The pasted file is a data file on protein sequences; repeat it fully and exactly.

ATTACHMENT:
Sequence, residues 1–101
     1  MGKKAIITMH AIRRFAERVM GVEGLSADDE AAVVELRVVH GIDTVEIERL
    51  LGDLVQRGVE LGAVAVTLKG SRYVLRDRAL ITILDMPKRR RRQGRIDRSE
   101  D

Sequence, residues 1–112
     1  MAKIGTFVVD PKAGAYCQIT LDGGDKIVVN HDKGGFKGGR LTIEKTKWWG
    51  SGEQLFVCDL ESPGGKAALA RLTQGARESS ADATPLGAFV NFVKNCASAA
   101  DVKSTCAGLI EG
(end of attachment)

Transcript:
Sequence, residues 1–101
     1  MGKKAIITMH AIRRFAERVM GVEGLSADDE AAVVELRVVH GIDTVEIERL
    51  LGDLVQRGVE LGAVAVTLKG SRYVLRDRAL ITILDMPKRR RRQGRIDRSE
   101  D

Sequence, residues 1–112
     1  MAKIGTFVVD PKAGAYCQIT LDGGDKIVVN HDKGGFKGGR LTIEKTKWWG
    51  SGEQLFVCDL ESPGGKAALA RLTQGARESS ADATPLGAFV NFVKNCASAA
   101  DVKSTCAGLI EG